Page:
As you’ll know if you have your fingers on the throbbing pulse of dinosaur-related publications, the massive, incredibly pricey volume published by the Geological Society of London, and resulting from the 2008 meeting History of Dinosaurs and Other Fossil Saurians, now exists in dead-tree form. It’s titled Dinosaurs and Other Extinct Saurians: A Historical Perspective and (in my totally unbiased opinion) is a definite must-see* for anyone interested in the historical side of Mesozoic reptile research. Here are thoughts and comments on some of the contents.
* I initially wrote ‘must have’, but then remembered the price.
The 394-page book features 21 technical papers: most are on dinosaur research but three are devoted to pterosaurs, several include data on Mesozoic marine reptiles, and one discusses changing interpretations of Middle Triassic environments (Bowden et al. 2010). Some are on general aspects of Mesozoic vertebrate study: Mark Evans’s paper is a detailed look at how museum collections have been essential in our developing view of Mesozoic reptile diversity, while Susan Turner and colleagues review the role of female collectors, amateurs and scientists. I will point out upfront that I was one of the four editors who helped put the volume together, I have two articles in the volume, and I helped organise the meeting that preceded the volume… ha, an interesting story in itself that took some years off my life (why why why do we do all this work…. for free!) [image below shows Conybeare’s 1824 reconstructions of Ichthyosaurus and Plesiosaurus: the first ever reconstructions of these animals. From Evans (2010)].
Several of the papers are biographical, including those on early dinosaur worker William Perceval Hunter, Italian polyglot Giovanni Capellini, and Spanish mining engineer Wilhelm (Guillermo) Schulz. Needless to say, these articles include hitherto unpublicised data on the fossil reptiles that these people wrote about.
Alan Charig, alas poor Mandasuchus and the 19th century discovery of Baryonyx
I contributed two articles to the volume: the first (co-written with Dick Moody) is biographical and concerns the scientific contributions of Alan J. Charig, former head of department at the Natural History Museum in London. Quite a lot of material is covered in this article (Moody & Naish 2010): there’s discussion of Charig’s work on theropods (particularly Baryonyx), ornithischians, pterosaurs, crurotarsans (how I hate the term pseudosuchian), plesiosaurs, amphisbaenians, the “Archaeopteryx is a fake” affair, and on general aspects of Mesozoic palaeobiogeography, cladistics, phylogeny and extinction. Charig wrote about dinosaurs during and after the dinosaur renaissance and did a lot of what we would today consider ‘public outreach’.
What makes Charig particularly interesting is that he can perhaps be considered as among the last of the ‘old guard’: he argued against many of the new ideas of the 1960s, 70s and 80s, and (at times, at least) continued to argue for various ‘traditional’ ideas (like dinosaur polyphyly and a non-dinosaurian origin for birds). His promotion of the idea that archosaurs came in ‘sprawling’, ‘semi-improved’ and ‘fully improved’ versions was partly contingent on his interpretation of rauisuchian-grade taxa as ancestral to dinosaurs: the realisation that such animals were not part of dinosaur ancestry might, then, explain why Charig never did get around to publishing his description of the Tanzanian prestosuchid Mandasuchus (Moody & Naish 2010).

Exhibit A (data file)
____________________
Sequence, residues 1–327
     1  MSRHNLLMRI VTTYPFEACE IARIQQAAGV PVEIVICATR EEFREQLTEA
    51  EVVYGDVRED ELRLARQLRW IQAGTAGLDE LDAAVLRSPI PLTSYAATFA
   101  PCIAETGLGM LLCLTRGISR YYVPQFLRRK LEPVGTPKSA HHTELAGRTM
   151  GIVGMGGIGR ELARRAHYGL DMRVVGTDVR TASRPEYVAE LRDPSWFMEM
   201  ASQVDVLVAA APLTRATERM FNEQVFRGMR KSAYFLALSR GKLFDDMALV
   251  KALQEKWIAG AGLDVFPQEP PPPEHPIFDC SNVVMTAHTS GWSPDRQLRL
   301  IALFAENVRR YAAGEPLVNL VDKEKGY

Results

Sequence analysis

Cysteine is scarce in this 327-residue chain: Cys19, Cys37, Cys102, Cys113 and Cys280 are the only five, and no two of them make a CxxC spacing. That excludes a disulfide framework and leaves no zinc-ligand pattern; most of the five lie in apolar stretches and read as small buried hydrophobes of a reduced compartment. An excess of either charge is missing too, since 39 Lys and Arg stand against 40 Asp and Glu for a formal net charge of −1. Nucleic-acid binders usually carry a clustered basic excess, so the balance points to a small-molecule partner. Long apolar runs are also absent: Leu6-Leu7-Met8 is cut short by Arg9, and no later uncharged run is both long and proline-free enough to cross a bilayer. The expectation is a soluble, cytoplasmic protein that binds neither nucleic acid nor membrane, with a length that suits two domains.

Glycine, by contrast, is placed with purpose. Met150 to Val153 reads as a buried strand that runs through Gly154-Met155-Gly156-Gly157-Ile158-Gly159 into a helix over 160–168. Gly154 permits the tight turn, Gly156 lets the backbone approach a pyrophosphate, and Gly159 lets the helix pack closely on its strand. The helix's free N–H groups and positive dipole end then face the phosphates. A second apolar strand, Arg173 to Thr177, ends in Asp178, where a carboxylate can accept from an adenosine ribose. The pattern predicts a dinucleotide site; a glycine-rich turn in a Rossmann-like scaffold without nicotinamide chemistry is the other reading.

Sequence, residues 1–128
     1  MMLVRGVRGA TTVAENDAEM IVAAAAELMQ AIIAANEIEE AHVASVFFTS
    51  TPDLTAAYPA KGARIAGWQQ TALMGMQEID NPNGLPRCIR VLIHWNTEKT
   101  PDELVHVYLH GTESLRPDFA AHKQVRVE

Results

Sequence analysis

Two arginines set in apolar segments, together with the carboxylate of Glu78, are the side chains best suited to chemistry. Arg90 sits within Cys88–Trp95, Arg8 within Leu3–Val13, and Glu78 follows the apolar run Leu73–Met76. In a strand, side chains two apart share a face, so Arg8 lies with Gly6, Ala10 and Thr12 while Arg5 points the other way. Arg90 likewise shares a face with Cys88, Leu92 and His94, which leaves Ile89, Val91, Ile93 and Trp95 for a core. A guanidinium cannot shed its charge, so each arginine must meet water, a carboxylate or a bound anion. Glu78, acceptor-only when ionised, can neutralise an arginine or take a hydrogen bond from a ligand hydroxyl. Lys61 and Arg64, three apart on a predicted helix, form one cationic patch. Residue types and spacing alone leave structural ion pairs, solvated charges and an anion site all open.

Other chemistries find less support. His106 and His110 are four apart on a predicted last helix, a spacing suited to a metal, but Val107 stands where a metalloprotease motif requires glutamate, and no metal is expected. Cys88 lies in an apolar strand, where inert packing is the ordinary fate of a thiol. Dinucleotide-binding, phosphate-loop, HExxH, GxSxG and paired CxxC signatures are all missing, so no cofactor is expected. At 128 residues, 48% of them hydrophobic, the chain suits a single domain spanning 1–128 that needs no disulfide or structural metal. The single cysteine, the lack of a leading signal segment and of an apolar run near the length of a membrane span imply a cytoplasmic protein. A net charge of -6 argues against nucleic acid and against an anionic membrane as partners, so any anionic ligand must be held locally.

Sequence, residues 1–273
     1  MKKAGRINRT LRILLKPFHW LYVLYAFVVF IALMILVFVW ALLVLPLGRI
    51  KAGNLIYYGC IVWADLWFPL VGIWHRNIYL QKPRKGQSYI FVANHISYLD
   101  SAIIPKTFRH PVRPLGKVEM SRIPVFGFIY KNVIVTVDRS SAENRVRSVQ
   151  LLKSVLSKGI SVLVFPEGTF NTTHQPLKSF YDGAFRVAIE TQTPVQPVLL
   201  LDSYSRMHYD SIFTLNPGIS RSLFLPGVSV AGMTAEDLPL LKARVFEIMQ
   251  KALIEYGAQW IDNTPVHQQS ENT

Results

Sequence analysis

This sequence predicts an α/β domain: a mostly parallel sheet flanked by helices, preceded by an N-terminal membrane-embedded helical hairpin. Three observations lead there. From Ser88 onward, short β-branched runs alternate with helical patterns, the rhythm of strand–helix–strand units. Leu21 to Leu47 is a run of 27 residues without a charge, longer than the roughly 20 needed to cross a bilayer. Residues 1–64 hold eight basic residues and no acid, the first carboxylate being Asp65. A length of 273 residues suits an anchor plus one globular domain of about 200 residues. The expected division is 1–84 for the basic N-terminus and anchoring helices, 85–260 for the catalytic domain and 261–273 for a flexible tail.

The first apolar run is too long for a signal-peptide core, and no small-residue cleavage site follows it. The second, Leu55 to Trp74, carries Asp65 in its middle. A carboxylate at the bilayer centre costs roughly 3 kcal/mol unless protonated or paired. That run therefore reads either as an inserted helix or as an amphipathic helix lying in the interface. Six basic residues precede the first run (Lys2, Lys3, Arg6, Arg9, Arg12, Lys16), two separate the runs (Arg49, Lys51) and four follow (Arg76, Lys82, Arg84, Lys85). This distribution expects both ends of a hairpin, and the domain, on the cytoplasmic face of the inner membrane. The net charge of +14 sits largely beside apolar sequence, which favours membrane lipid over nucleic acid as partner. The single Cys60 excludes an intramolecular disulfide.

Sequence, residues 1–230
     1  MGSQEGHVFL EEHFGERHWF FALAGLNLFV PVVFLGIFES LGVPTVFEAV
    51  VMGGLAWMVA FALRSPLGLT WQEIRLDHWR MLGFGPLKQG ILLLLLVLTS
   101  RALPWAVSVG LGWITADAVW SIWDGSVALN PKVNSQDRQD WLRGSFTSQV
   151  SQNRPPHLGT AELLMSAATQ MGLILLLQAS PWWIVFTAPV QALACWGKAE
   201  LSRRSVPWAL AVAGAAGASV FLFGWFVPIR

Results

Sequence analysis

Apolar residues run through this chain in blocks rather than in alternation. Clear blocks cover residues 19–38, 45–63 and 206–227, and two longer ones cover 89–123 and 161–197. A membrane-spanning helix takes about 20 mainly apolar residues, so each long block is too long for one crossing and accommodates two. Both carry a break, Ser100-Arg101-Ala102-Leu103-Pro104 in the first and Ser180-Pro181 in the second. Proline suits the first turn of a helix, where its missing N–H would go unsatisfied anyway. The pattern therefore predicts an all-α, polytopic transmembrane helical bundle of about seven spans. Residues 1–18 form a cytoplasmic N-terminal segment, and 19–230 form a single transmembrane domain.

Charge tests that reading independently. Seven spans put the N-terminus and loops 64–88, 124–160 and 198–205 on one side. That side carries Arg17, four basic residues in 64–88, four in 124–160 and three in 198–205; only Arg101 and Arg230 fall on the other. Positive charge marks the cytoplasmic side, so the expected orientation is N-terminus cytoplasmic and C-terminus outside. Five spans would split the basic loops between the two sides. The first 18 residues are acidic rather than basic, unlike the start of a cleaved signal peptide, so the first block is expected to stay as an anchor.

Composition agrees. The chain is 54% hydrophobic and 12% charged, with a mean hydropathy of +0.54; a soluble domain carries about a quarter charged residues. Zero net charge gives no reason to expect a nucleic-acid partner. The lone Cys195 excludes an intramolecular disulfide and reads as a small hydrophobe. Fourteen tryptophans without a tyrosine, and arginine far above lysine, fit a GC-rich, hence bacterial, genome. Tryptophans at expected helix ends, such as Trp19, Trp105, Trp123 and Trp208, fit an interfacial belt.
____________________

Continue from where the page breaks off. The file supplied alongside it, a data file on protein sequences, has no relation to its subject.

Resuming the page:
While Charig never did publish full descriptions of Mandasuchus and various others of the archosaurs he worked on, he certainly didn’t hesitate to discuss them in his popular books. Among these is his 1979 A New Look at the Dinosaurs: to be honest, I always found it rather boring, but it was highly influential, generally well received, and featured Peter Snowball’s very attractive double-page colour scenes. Snowball’s paintings were reproduced on postcards and posters that you could buy at the NHM; a formative part of my experience of the NHM as a child. And while on the subject of early influences, I have to mention the Brooke Bond tea card series of 1971 – Prehistoric Animals – that Charig was involved in (he wrote the text). Maurice Wilson did the illustrations: these were among the first reconstructions of prehistoric animals I ever paid attention to [Wilson’s rather nondescript Mandasuchus is shown above. I never could figure out what it was eating].
Moving on, Eric Buffetaut’s long-awaited paper on early spinosaurid finds demonstrates that Baryonyx was known to Cuvier and Mantell, though only by way of one or two isolated teeth. Naturally, these teeth were misidentified as those of crocodilians, and in 1841 they were named Suchosaurus cultridens by Richard Owen. So Baryonyx wasn’t really brand-new when ‘discovered’ in 1983: we’d actually known about since about 1820. If Suchosaurus cultridens is the same thing as Baryonyx, why doesn’t the latter become a junior synonym? One reason is that those teeth aren’t definitely those of Baryonyx (for one thing, they’re somewhat older than the type skeleton of B. walkeri); another is that the type material attached to the name Baryonyx (viz, that substantial skeleton discovered in 1983) is clearly very much superior to those early, isolated teeth (Buffetaut 2010). Note that baryonychines are not the only spinosaurids known from the European fossil record: teeth indicate that spinosaurines might have been present too (Sánchez-Hernández et al. 2007).